The impact on rural livelihoods and ecosystem services of a major relocation and settlement program: A case in Shaanxi, China
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China’s largest-ever resettlement program is underway, aiming to restore ecosystems and lift ecosystem service providers out of the poverty trap and into sustainable livelihoods. We examine the impact of the relocation and settlement program (RSP) to date, reporting on an ecosystem services (ES) assessment and a 1400-household survey. The RSP generally achieves the goals of ES increase and livelihood restore. In biophysical terms, the RSP improves water quality, sediment retention, and carbon sequestration. In social terms, resettled households so far report transformation of livelihoods activities from traditional inefficient agricultural and forest production to non-farm activities. Increased income contributes to decrease the poverty rate and improve resettled households’ living condition and standard. Meanwhile, the RSP decreases households’ dependence on ES in terms of provisioning services. Difficulty and challenge also showed up subsequently after relocation. A major current challenge is to enable poorer households to move, while providing greater follow-up support to relocated households. While the program is unique to China, it illuminates widespread opportunities for addressing environmental and poverty-related concerns in a rapidly changing world.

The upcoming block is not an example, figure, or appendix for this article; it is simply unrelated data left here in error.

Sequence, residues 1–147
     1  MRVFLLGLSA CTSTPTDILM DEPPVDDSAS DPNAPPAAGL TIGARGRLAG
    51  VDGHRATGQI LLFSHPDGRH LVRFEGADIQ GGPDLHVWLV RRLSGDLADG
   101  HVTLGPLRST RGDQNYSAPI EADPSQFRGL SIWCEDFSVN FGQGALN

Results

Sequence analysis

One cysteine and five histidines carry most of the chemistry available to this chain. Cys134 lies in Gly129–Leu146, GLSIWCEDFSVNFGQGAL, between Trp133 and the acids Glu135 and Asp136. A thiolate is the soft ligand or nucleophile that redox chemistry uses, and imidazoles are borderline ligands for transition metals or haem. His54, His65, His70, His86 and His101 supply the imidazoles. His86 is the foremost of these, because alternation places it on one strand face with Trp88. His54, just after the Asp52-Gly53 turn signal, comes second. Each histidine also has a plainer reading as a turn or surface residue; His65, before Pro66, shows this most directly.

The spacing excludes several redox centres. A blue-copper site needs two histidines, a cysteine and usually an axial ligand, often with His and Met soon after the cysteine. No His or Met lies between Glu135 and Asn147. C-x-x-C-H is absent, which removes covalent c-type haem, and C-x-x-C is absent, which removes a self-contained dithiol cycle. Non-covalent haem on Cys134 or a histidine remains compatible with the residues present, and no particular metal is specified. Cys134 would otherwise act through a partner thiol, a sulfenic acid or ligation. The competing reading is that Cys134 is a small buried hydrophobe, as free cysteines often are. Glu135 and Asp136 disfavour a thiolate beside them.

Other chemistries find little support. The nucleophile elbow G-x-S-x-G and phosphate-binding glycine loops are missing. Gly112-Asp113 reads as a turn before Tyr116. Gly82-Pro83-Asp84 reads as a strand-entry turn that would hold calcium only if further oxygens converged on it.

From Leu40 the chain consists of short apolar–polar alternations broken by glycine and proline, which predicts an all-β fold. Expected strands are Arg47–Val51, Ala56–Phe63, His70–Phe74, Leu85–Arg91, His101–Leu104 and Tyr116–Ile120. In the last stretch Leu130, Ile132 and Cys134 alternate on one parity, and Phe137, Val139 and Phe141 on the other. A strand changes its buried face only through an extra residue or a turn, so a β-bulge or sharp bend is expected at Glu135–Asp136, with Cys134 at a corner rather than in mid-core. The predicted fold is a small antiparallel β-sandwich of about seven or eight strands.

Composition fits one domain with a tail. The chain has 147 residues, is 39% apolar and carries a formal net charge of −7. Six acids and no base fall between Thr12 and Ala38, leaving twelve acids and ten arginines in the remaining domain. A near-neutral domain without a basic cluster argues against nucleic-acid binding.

KeywordsAnkang prefecture Ecosystem services Human development Relocation and settlement Rural household Sustainable livelihoods
This work is part of the Natural Capital Project and was jointly supported by the Gordon and Betty Moore Foundation (Grant No. 3453), the China National Natural Science Fund (71673219; 71573205), and the Fundamental Research Funds for the Central Universities of China (SK2015001, SKZD16009; SKZD16004). We are grateful to the many people interviewed for their patience and assistance.
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